Account of Archbishop Nikon
Denouncing the false teaching, I appealed to their common sense, pointing out that their teacher Bulatovich considers any word of God to be God, but indeed in the word of God, in the Holy Scriptures, many words are words of men; for example, the words of the fool, "There is no God." Holy Scripture mentions the creatures of God, for instance, worms: what then? Is this all God? Likewise, all the names of God as words only designate God, refer to him, but by themselves still are not God: the name "Jesus" is not God, the name "Christ" is not God. At these words … were heard shouts: "Heretic! He teaches that Christ isn't God! There is no God!” I continued my speech, but as the leaders of the rebellion continued to make a lot of noise, then S.V. Troitksy turned to those who were standing near and said, “Vladyka says only that the name Christ is not God, but Christ Himself is our true God. … They shouted at me, “Heretic! Crocodile from the sea! Seven-headed snake! Wolf in sheep's clothing!" In conclusion I managed to say: “Be honest! Hear me out: you can read all the places that we have quoted from the Holy Fathers in your library: come, we will show them to you there!< Whoever knows Greek, we’ll find them in the Greek original." After this, I left the church through the altar.
From the report of Archbishop Nikon (Rozhdestvensky) to the Holy Synod, summer 1913. Archbishop Nikon graduated from seminary first in his class, but preferring a monastic life to an ecclesiastical career, he declined further study. He became a monk first at New Jerusalem Monastery, then at St. Sergius Lavra. His spiritual father in both places was the abbot,Archimandrite Leonid Kavelin, beloved disciple of the Optina Elder Macarius. As a young monk, with the blessing of St. Innocent, Metropolitan of Moscow, he began publishing a series of leaflets on the Orthodox faith. Over a period of 25 years, more than 100 million of them were distributed. Fr. Nikon came to public attention in 1885, when his book, The Life and Struggles of St. Sergius, Abbot of Radonezh, was published. He was raised to the rank of archimandrite. In March of 1904, he was consecrated to the episcopate and soon afterward was appointed rector of the Danilov Monastery in Moscow. During the workers’ strikes in Moscow in 1905, he delivered a sermon against the strikes. It was read aloud in the all the churches of the capital, and on the next day the workers began to return to work. In 1913, Tsar Nicholas himself asked Archbishop Nikon to go to Mt. Athos to stop the rebellion of the imyaslavtsy.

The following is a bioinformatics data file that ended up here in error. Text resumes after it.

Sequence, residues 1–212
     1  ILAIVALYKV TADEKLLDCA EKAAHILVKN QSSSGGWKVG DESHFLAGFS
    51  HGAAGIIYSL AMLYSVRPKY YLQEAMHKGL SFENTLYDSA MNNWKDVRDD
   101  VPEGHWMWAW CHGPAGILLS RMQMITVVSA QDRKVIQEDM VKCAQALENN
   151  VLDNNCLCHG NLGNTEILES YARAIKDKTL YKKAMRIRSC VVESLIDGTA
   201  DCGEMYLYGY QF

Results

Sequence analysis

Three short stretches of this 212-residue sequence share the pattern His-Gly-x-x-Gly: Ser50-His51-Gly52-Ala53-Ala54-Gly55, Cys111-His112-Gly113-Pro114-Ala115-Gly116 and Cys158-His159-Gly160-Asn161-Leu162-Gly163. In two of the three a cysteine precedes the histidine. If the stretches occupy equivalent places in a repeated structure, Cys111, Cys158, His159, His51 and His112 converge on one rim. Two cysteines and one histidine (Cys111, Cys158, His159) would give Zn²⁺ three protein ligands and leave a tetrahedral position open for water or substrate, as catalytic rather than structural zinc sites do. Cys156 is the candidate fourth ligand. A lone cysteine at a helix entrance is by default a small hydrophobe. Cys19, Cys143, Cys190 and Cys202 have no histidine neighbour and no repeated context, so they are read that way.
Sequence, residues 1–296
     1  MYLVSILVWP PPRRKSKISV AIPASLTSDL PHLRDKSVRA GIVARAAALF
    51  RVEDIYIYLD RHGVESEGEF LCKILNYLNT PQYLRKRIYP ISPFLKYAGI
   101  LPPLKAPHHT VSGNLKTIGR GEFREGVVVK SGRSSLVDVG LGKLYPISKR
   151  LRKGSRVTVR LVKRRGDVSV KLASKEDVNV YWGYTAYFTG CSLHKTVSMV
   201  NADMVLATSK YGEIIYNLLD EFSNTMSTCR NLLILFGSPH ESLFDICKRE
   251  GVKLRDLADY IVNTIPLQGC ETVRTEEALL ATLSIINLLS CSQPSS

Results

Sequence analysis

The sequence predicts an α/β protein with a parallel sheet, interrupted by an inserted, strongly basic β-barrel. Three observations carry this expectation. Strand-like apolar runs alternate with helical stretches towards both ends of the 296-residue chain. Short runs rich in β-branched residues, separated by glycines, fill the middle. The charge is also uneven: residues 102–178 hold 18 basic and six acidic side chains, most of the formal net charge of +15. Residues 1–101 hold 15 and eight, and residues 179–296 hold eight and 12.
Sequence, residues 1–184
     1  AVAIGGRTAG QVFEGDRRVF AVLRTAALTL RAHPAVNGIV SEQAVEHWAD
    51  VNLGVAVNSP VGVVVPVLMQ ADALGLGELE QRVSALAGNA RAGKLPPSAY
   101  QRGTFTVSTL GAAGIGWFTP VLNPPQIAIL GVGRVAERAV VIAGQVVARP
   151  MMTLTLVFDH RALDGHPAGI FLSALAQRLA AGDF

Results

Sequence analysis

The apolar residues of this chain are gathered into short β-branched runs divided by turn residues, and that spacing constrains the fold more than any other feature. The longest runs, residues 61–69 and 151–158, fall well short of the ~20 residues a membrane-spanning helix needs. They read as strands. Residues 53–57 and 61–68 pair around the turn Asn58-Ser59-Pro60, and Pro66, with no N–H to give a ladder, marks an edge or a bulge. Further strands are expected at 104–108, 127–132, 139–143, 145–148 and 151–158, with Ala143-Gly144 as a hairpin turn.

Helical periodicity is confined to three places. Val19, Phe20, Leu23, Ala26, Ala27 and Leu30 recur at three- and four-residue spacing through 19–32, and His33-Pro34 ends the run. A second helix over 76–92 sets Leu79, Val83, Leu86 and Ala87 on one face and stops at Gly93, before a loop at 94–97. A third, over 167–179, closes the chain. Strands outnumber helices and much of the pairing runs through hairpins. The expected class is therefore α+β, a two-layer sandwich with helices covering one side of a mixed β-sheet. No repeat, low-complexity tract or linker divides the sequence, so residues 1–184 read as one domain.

Account from the Radical Press
“You,” said the archbishop, shaking his staff, “consider every name to be God. So I tell you that any name of God is not God. The name of a worm is only ‘worm’, and you, for heaven’s sake, say, ‘even a worm is God.’ The Son is less than the Father Jesus Himself said that ‘the Father is greater than I. You say that Christ is God.” Professor Troitsky interrupted Nikon: “Vladyka, Christ is God! And in the dismissal it is said, ‘Christ our true God.’” But Vladyka Nikon, pounding on the floor with his staff, shouted, “Don’t anyone dare to contradict me! England and France believe as I am saying.” The outraged monks are not given a chance to contradict him. To the comment that if the name God is not God, then the words of the Psalter, “Praise the name of the Lord, praise (Him) all ye servants of the Lord” should be pronounced “Praise the Lord God,” Vladyka in the heat of the moment answered, “Yes, that’s how it should be!” – “Then all the books need to be rewritten,” a monk commented.. “And we will rewrite them with time! We will rewrite all the books!” Vladyka announced. Need it be said, that after these words the church was ovewhelmed with a storm of outrage, and the archbishop had to hide in the altar.
Article from Russkoye Slovo (Russian Word), the newspaper of publishing mogul I.D. Sytin, who was an open critic of the imperial government and the Russian Orthodox Church and who printed radical anti-government propaganda and anti-Church propaganda, including his friend Lev Tolstoy’s attacks against the Church. Tsar Nicholas’s government regarded his printing shop as a “wasp’s nest.” After the Revolution, Sytin acted as an advisor to the Bolshevik government and in return received a hefty pension.